At the same engineering education conference, Kristen Wendell, a CEEO graduate student, presented her research on the benefit of bringing engineering to 3rd- and 4th-grade students. Her study examined two groups of classrooms–one that used an engineering-design-based science curriculum and one with a traditional science curriculum. Kristen and her colleagues found that students in the engineering-design-based curriculum group scored higher on science exams than students in the regular science curriculum group. This exciting research suggests that an engineering-design-based science curriculum in K-12 education could lead to better science scores overall.
Rogers and his colleagues also have been studying the different methods used to understand students’ knowledge. In a traditional classroom, students use reading and writing to show what they know about a subject. Rogers and his colleague, CEEO graduate student Brian Gravel, have been working on developing software where students could report their knowledge in a form other than writing. The output of their work is the Stop Action Movie software, which allows students to create animations of science and engineering concepts. According to Merredith Portsmore, the CEEO Director of Outreach Programs, the stop action movie software, “provides another window into what the students can do and know.”
Since its creation, the CEEO has grown from just a handful of staff and professors, to a large organization with a director, assistant director, several staff members and a number of graduate students. Additionally, Tufts Department of Education has started a graduate program in mathematics, science, technology and engineering education that grants both masters and Ph.D. degrees in mathematics education, science education and engineering education.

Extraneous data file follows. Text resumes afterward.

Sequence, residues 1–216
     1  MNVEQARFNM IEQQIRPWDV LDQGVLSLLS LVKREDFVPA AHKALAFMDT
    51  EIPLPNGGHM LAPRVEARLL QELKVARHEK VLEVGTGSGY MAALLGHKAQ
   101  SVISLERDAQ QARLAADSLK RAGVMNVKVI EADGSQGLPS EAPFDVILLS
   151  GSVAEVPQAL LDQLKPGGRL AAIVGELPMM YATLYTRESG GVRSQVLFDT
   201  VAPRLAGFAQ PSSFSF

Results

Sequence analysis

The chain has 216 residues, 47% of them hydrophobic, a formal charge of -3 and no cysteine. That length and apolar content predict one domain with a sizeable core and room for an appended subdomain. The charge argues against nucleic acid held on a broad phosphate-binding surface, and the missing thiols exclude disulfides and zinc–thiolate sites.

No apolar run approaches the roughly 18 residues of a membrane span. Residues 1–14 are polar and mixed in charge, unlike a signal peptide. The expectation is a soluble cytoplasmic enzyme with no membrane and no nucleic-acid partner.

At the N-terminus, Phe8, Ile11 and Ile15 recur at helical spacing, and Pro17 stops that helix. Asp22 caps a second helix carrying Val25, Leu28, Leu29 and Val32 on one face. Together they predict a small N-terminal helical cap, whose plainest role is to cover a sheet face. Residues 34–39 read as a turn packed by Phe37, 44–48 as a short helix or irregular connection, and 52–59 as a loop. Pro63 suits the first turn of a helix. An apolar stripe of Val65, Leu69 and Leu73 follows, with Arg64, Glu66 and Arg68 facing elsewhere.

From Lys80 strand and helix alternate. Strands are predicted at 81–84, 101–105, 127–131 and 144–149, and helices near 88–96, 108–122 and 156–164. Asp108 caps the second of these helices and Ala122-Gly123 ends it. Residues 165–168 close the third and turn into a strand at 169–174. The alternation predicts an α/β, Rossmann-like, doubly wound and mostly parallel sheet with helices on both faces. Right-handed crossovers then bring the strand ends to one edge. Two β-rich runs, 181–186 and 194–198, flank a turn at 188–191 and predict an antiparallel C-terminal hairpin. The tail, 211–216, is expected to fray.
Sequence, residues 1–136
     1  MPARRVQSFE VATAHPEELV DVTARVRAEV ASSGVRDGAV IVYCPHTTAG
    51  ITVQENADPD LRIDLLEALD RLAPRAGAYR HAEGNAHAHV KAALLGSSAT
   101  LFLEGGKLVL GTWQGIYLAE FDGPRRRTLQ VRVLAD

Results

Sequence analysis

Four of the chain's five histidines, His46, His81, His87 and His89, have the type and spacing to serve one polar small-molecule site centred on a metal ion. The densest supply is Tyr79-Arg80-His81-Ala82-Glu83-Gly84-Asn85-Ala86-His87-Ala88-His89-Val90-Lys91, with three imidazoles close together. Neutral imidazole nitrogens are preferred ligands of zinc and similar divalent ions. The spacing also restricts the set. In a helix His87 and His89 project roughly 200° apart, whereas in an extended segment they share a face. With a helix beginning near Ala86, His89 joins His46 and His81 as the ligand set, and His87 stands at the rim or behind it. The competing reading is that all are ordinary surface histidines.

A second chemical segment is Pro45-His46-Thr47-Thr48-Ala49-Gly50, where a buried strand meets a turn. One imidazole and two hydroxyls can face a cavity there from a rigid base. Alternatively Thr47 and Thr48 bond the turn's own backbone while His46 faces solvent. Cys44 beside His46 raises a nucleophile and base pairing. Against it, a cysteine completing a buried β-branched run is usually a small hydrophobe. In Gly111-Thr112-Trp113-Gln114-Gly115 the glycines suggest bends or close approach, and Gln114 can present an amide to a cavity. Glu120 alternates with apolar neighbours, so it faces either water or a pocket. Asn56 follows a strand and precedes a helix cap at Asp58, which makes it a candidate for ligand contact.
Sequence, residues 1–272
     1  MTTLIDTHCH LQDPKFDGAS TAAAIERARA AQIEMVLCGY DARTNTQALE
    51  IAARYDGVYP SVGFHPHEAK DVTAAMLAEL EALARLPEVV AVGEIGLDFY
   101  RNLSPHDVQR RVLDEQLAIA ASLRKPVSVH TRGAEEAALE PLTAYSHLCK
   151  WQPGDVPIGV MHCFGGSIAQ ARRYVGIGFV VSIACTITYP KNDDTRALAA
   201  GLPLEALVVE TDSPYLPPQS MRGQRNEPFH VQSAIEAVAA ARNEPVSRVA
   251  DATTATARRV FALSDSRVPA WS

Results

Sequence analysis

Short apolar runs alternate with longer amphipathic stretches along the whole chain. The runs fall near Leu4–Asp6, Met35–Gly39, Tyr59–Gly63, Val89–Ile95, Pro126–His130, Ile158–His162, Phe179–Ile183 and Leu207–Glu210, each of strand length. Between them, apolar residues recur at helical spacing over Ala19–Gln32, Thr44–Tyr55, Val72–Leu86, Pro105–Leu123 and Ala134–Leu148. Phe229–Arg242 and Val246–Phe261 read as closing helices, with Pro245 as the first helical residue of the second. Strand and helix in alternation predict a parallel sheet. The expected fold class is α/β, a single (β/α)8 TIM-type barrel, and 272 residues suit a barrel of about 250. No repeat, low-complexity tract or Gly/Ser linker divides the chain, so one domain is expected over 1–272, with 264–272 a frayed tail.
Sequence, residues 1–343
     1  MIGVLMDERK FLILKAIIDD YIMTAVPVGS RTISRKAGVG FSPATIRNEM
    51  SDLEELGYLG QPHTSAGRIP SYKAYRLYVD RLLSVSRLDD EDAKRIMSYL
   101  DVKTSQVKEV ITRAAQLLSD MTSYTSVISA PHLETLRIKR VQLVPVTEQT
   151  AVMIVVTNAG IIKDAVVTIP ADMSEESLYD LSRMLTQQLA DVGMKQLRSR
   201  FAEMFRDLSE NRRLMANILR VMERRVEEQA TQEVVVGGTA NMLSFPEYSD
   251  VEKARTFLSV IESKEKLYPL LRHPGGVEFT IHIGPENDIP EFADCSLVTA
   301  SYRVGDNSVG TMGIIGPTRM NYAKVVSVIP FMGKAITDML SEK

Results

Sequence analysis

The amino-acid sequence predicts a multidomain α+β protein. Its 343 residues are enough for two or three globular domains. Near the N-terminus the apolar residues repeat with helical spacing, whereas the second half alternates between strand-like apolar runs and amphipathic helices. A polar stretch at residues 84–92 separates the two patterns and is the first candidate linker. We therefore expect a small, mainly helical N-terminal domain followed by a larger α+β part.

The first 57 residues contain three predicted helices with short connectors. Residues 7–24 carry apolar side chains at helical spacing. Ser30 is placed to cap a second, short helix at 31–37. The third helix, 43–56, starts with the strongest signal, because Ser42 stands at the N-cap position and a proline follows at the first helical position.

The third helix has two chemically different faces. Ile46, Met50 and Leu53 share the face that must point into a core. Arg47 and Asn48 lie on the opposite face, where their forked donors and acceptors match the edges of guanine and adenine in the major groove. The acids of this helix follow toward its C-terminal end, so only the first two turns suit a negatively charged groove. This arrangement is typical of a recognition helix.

Chris Rogers and his team at Tufts University are putting the concept that people “Ëœlearn by doing’ into reality by working directly with educators to help them bring engineering into elementary and middle-school classrooms. To continue this work, Rogers and his CEEO colleagues just received a major NSF grant to develop and test curriculum materials for introducing engineering concepts in grades 3-5. Further, Rogers and his team are exploring how to take advantage of different learning styles by bringing novel learning and testing methods into the classroom. They also were among the initial champions of the inclusion of engineering in the K-12 curriculum frameworks at the state level, making Massachusetts the first, and only, state with statewide engineering standards for the K-12 level.
This research was funded by several research grants from NSF, LEGO Education, National Instruments, NASA, the Kodosky Foundation and the LLL Foundation.
Image Caption: Fifth-grade students at the Stratton School, Arlington, Mass., participate in the STOMP program. (Credit: Elsa Head, Tufts University)